Columns » Between The Lines

Solving Colorado's primary apathy

Between the Lines



Perhaps you've already filled out and returned your primary ballot. More likely, you tossed it in that pile beside the home computer. Maybe you'll vote this time, but then again, you're probably thinking, why bother? Might as well just wait until the general election.

Unless you're a local Republican wanting to weigh in on contested races, it's hard to blame you. Given the crass shenanigans that have erupted in GOP races from here to Trump Tower, many typical voters likely are repulsed enough to boycott this primary.

Especially when it doesn't have to be this way.

Funny how trend-setting and chance-taking Colorado can be in so many ways, from marijuana to mail ballots, yet when it comes to primary elections, this state is as backward as they come.

That was never more evident than in March at Colorado's caucuses. Instead of conducting presidential primaries like most states, Colorado didn't even add up official straw polls at caucuses. Instead of perhaps influencing either party's eventual nominee, and having a better early view of the candidates, we abdicated.

Meanwhile, 39 other states did let their voters have a say in the national race with presidential primaries. In 22 states for Democrats and 19 for Republicans, "open" primaries went a step further — allowing any registered voter to choose which party's ballot to receive. (Wouldn't that be nice, many Colorado Dems are saying now.) And 20 states have open congressional primaries, so if Colorado were among that group, everyone could have the option to participate in the Senate or House GOP races.

Many Colorado voters in both parties, who felt ineffective and even abused at our caucuses, tried to send strong messages up the power ranks that major changes should happen immediately, even eliminating caucuses. But the state Legislature didn't act in its 2016 session.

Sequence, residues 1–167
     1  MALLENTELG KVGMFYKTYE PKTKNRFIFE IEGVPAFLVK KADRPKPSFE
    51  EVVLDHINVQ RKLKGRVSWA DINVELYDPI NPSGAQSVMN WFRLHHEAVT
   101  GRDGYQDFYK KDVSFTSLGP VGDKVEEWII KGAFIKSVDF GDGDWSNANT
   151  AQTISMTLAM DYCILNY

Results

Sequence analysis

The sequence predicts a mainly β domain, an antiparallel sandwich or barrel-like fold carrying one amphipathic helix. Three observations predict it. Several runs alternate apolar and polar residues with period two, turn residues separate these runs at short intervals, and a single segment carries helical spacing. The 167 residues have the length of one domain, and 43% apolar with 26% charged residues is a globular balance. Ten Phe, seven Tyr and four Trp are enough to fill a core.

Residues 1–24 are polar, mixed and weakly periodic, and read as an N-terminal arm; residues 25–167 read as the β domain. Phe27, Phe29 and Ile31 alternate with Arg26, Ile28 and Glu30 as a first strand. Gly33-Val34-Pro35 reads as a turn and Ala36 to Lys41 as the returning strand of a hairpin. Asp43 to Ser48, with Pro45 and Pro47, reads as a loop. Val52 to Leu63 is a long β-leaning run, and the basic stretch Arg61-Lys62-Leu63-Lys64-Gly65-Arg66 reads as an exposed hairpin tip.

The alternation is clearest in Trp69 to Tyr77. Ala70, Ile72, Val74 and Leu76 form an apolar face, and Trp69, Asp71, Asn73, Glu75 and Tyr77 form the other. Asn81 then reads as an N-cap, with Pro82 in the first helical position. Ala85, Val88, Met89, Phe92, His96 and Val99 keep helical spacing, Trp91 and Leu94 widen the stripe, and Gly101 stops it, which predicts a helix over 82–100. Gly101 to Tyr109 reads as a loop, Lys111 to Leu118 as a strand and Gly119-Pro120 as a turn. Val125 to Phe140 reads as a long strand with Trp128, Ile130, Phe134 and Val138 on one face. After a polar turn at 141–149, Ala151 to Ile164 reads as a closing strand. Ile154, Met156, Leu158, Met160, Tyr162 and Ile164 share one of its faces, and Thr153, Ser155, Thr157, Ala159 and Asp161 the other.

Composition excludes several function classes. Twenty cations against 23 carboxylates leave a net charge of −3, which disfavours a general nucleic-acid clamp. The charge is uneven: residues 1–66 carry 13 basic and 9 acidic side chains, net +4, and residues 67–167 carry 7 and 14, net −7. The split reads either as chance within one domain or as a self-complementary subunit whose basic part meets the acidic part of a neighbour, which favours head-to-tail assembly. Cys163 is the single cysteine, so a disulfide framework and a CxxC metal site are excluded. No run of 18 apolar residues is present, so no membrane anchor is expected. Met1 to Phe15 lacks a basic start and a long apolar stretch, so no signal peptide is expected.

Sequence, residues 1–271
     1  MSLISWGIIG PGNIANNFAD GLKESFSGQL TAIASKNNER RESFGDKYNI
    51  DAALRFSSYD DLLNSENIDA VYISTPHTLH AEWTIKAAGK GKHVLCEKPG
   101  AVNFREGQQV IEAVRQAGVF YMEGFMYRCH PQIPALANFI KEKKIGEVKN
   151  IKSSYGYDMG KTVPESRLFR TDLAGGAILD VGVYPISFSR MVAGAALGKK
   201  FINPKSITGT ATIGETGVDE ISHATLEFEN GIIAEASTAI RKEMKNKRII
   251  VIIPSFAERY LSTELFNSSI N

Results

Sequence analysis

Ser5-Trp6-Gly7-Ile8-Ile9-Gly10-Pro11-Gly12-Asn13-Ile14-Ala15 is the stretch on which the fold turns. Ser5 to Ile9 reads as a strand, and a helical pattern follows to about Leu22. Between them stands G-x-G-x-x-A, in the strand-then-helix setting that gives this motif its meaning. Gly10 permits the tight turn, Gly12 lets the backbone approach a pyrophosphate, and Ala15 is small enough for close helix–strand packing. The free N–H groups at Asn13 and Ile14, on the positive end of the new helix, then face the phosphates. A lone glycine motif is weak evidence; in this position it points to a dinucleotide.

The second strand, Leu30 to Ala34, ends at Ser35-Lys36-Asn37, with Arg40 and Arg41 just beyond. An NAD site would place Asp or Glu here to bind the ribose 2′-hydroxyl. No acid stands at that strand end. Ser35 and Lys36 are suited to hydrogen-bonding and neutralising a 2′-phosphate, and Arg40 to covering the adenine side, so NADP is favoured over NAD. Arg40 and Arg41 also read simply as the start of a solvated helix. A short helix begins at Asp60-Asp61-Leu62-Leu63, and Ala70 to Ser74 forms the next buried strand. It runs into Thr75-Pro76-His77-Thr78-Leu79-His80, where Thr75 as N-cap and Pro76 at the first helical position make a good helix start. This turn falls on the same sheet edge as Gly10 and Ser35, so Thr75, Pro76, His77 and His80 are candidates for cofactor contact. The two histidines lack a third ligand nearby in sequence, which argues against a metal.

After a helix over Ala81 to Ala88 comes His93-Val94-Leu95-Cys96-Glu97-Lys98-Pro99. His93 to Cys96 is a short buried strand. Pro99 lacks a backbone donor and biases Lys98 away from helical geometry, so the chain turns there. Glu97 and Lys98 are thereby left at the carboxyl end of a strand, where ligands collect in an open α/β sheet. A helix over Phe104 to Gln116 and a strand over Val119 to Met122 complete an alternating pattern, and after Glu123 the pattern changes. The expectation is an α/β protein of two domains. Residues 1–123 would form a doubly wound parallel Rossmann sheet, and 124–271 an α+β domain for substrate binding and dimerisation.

Next year might be different. If Colorado's general election goes as many predict, Democrats will regain the state House majority along with strengthening their hold on the state Senate, which becomes a powerful trifecta for Gov. John Hickenlooper's final two years. Just as the last Democratic monopoly led directly to gun-control legislation and relaxed voting laws (registering on election day, etc.), now we could see more major revisions.

Colorado might even look at the most trendy path, "top-two" primaries, already working in California, Louisiana and Washington. In those states, all voters receive ballots including every party's candidates for non-presidential races. (For example, Colorado ballots for the U.S. Senate race would've included all five Republicans as well as Democratic incumbent Sen. Michael Bennet.) Each voter can pick one, and the top two vote-getters advance to the November general election. That might be two from the same party, as with California voters picking two Democrats to battle for that state's U.S. Senate seat to replace the retiring Sen. Barbara Boxer.

That way, all voters have an equal opportunity to choose their elected officials, and don't have to consider "crossing over" when their party doesn't have a viable candidate for a crucial office.

Colorado might join those "top-two" primary states, but if the idea is to find bipartisan support, the first step would be simply to reinstate a presidential primary, preferably "open" to allow independent/unaffiliated voters a chance. Each party still might want more control on local and state races, which would mean retaining caucuses, but hopefully not. Let's remember, clear majorities of caucus attendees on both sides were willing to end them.

Instead, for now we're left with Colorado's archaic primary, guaranteeing a dismal turnout (even with mail ballots) and with no presidential choice included. Imagine how many more would have voted in a March or April primary with real options for Hillary Clinton vs. Bernie Sanders as well as Donald Trump vs. Ted Cruz, et al.

If you ask me, Colorado should take a close look at that "top-two" primary concept. That way, all of us would vote in every race that would be on our general election ballot, from Congress and county commissioners to state legislators. If not that, perhaps a compromise to have open primaries.

Then we wouldn't have to be begging people to fill out their ballots.

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